As we turn to the new year, the members of this board traditionally offer our hopes for the future and reflect on the status of our wishes for the last 12 months. That's a sobering process — reminding us that we often wish for more than we get. This year is no different, though a few did come true.
Congress, for instance, granted one of our wishes, going the entire year without a manufactured crisis that wrecked, or threatened to wreck, the economy. It says something about the nation's elected leadership, however, that one has to wish for it not to do harm, as if hoping it would actually help is too much to consider.
Congress also almost granted a second wish from our list, as lawmakers came up with a bipartisan plan to improve the payment system for Medicare doctors. That fell short, however, as did efforts to come to a deal on immigration, leading President Obama to issue another controversial — but welcome — executive order setting clearer priorities for deportations.
The Supreme Court, meanwhile, elected not to make its hearings more readily available on audio to the public, and conservatives kept up their dopey insistence that gay marriage somehow undermines religious liberty — denying us our wishes in both areas.
Closer to home, Los Angeles voters shrugged off important elections despite our plea to participate; low turnout continues to undermine elections at all levels. And Hollywood laughed off our wish for a superhero movie in which a woman stars rather than appearing as a love interest.
On the other hand, some people may have taken our wishes too seriously. Though we supported and admired Los Angeles Unified School Supt. John Deasy, we urged him to calm down a bit in his fights with the school board. Instead, he resigned. And we asked Sheriff Lee Baca to shape up his department; he too opted to quit, but at least his department now stands ready to improve under its new chief, Sheriff Jim McDonnell.
So it is with heartfelt hope and some trepidation that we once again enter this field. In 2015, we wish for:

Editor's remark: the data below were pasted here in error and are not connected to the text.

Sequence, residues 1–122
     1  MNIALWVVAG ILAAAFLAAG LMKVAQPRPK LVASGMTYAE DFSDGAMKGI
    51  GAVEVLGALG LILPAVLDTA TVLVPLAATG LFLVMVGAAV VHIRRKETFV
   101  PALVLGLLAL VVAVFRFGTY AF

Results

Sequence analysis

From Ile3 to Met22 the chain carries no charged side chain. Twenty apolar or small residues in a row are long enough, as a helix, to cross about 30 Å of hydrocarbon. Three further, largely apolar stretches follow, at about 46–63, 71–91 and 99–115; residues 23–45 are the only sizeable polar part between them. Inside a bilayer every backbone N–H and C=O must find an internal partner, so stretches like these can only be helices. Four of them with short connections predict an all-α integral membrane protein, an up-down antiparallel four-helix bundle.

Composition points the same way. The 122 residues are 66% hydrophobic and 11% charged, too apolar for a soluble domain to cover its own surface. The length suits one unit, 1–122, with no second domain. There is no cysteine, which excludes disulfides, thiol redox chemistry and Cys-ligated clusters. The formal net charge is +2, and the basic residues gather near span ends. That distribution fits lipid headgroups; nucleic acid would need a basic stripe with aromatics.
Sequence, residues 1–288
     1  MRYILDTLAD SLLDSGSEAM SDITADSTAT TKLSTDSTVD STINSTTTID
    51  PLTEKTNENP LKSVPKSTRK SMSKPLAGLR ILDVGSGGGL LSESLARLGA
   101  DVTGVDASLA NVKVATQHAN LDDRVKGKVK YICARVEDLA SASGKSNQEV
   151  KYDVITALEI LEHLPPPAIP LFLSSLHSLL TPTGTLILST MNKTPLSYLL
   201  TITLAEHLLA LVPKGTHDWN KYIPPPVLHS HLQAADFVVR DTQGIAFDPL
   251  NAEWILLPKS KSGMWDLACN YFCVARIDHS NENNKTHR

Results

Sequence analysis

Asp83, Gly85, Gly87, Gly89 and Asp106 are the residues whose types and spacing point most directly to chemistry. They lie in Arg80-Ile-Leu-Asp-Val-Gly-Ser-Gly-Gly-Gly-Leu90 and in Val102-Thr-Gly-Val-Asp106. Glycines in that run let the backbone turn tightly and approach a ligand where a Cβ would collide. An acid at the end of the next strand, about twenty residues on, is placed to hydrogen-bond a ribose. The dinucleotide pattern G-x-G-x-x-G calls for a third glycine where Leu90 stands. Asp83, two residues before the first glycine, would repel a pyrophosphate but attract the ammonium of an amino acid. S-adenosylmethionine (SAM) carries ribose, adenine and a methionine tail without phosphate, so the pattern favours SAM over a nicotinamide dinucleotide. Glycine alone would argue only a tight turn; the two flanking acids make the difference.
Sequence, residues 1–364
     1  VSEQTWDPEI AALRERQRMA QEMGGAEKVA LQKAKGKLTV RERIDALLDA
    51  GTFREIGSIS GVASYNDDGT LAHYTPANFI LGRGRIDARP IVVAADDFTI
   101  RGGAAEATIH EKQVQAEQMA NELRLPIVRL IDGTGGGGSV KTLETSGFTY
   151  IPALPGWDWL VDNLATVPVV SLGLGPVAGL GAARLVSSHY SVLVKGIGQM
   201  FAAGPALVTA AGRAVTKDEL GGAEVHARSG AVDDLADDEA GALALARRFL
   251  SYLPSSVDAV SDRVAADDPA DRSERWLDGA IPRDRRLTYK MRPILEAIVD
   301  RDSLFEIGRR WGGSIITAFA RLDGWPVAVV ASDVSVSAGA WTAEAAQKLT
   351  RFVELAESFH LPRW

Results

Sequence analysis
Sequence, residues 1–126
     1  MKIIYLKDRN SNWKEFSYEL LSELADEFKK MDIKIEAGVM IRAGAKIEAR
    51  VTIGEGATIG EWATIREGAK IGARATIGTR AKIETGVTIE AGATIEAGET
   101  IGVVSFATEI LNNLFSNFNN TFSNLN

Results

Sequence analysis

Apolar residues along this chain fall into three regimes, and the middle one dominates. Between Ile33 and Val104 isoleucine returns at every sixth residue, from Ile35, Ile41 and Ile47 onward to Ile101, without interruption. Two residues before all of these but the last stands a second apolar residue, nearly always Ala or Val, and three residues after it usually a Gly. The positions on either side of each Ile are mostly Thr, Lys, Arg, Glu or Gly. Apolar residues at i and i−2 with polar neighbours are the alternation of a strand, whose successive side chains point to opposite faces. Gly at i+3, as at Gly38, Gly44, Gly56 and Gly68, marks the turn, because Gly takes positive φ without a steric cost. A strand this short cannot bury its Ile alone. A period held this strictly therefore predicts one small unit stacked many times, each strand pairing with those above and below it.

Faster growth in the U.S. and California economies. As 2014 drew to a close and the national unemployment rate fell below 6%, we saw the first tentative signs that wages were starting to grow. That's a trend worth nurturing, considering how long wages have stagnated for low- and middle-income Americans.
A concerted effort by the Legislature and the Los Angeles City Council to make it as easy to start a business here as it is to move to Texas.
Pope Francis to give the news media a break by preaching the occasional boring sermon.
Rain. Lots of it.
An overhaul of the federal tax code that broadens the tax base by winnowing the thicket of tax breaks, allowing lawmakers to lower rates without driving up the deficit.
An end to the impasse between Time Warner Cable and other local pay-TV operators that kept Los Angeles Dodgers games off most of their fans' TVs.
The Supreme Court to stop hinting and issue a definitive ruling that bans on same-sex marriage violate the Constitution's guarantee of due process of law and equal protection of the laws.
Critics of Obamacare to stop trying to repeal the law or render it unworkable through the courts. Instead, Republicans should use their newfound control of Congress to address the act's shortcomings and do more to slow the growth of healthcare costs. One bug that needs fixing right away: the lack of premium subsidies for those who have access to affordable individual policies at work, but not affordable family coverage. It would be especially gratifying — though probably unlikely — if Republicans would use their clout in general to govern responsibly rather than to engage in pointless confrontation with the president.
Did we mention rain?
Funding in the state budget for the nascent earthquake early-warning system. Now that Congress has kicked in $5 million, it's time for Sacramento to ante up.
Los Angeles City Council races that are full of substance and bold ideas and that are so engaging that voters flock to the polls and the city can reverse its pitiful trend of low-turnout elections. Admittedly, this is a long shot, but after a 2013 mayor's race that drew just 23% of registered voters, candidates need to do their part to persuade the electorate that these campaigns matter.